How Easy Is It to Find Tax Information on State Websites?

by Ellen Kant and Joseph Henchman

It’s April, which means Americans are rushing to finish federal and state income tax returns for 2012. Those who file a paper return rely on forms and rate tables posted online by the Internal Revenue Service (IRS) and state revenue departments. Even taxpayers who file returns with the help of paid tax preparers or computer software may make use of instructional information provided on state websites. Employers, for instance, need to know 2013 tax rates now for withholding purposes.

Consequently, we decided to evaluate how easily available this information is on the websites of state tax agencies (often a revenue department, department of taxation, or tax commissioner). We conducted two tests in March 2013:

• We counted how many clicks it took to find 2012 income tax rates from the agency’s website homepage. In five states (Indiana, Kentucky, Minnesota, New Jersey, and North Carolina), it takes taxpayers five clicks to find this information from the homepage. Taxpayers in three states (Colorado, Massachusetts, and Pennsylvania) can get it in two clicks.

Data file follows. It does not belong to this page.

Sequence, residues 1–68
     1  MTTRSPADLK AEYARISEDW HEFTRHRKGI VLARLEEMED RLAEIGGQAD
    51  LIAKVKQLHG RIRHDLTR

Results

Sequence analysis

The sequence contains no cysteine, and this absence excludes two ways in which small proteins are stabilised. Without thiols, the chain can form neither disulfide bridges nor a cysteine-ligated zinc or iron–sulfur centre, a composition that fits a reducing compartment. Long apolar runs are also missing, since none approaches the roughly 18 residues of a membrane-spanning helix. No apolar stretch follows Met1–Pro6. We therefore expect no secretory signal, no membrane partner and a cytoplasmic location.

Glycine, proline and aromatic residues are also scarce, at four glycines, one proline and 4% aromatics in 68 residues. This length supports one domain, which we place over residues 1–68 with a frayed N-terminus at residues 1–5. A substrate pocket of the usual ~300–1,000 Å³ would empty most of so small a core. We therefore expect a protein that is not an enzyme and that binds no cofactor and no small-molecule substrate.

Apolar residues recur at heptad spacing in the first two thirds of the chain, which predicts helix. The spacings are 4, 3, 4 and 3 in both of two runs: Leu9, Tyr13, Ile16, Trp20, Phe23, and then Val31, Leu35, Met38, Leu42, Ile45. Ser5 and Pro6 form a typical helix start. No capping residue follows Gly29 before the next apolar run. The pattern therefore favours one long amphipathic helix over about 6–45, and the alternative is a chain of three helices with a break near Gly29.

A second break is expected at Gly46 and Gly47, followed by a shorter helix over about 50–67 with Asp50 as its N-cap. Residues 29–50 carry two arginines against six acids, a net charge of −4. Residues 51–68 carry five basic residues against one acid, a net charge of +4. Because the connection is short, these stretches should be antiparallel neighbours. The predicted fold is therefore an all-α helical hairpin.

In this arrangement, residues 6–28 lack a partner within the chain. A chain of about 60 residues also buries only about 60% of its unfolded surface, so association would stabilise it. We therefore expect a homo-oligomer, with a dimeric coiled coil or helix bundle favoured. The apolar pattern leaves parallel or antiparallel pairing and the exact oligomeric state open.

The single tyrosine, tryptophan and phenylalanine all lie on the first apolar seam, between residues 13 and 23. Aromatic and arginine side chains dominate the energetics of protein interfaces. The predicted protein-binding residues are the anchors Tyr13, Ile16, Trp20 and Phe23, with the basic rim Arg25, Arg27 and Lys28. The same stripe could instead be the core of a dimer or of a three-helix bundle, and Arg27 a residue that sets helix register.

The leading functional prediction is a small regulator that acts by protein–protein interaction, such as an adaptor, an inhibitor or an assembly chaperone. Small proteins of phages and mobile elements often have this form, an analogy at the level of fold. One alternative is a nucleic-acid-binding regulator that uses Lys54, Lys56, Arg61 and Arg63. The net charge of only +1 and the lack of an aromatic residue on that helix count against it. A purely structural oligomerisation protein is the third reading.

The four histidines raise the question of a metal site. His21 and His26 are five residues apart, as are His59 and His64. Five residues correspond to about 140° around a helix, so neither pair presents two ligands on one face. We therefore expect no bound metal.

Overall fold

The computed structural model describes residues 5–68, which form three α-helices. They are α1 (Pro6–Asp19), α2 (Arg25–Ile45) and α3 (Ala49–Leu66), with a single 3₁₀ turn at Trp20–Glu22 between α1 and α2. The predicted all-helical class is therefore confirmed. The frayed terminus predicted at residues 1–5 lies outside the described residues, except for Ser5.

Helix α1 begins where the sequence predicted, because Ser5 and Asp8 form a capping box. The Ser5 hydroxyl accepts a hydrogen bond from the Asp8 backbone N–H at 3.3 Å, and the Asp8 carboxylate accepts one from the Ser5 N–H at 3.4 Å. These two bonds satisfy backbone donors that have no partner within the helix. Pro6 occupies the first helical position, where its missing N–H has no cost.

• We assessed whether the state had made available (and findable in a spot check by our analyst) the 2012 and 2013 tax rates, tax table, and tax forms. While nearly all states had most of this information, our analysts were able to find all of this information only in five states (Colorado, Illinois, Pennsylvania, Utah, and Virginia; some of these states have one-rate taxes, making tax tables unnecessary). The vast majority of state revenue websites do not yet provide 2013 tax rate information even though 2013 income tax is currently being withheld from taxpayers’ paychecks.

Transparency can be a difficult thing to quantify, and we admit that these two tests are not a perfect proxy. However, poor transparency of basic tax information imposes real costs on taxpayers. The time and money an individual spends complying with taxes prevents them from productively spending these resources elsewhere. Ideally, a taxpayer should be able to quickly and easily locate and understand all taxes owed and with that information make informed allocative decisions and budgeting plans.

We are consequently pleased to recognize the Colorado Department of Revenue, the Illinois Department of Revenue, the Pennsylvania Department of Revenue, the Utah State Tax Commission, and the Virginia Department of Taxation for passing both tests (three clicks or less for finding information and having all 2012 and 2013 information available online). We hope all state tax authorities will follow their lead in making basic information easily accessible to taxpayers.

About the Tax Foundation:
The Tax Foundation is a 501(c)(3) non-partisan, non-profit research institution founded in 1937 to educate the public on tax policy. Based in Washington, D.C., our economic and policy analysis is guided by the principles of sensible tax policy: simplicity, neutrality, transparency, and stability.

Reprinted with permission from Tax Foundation <>.

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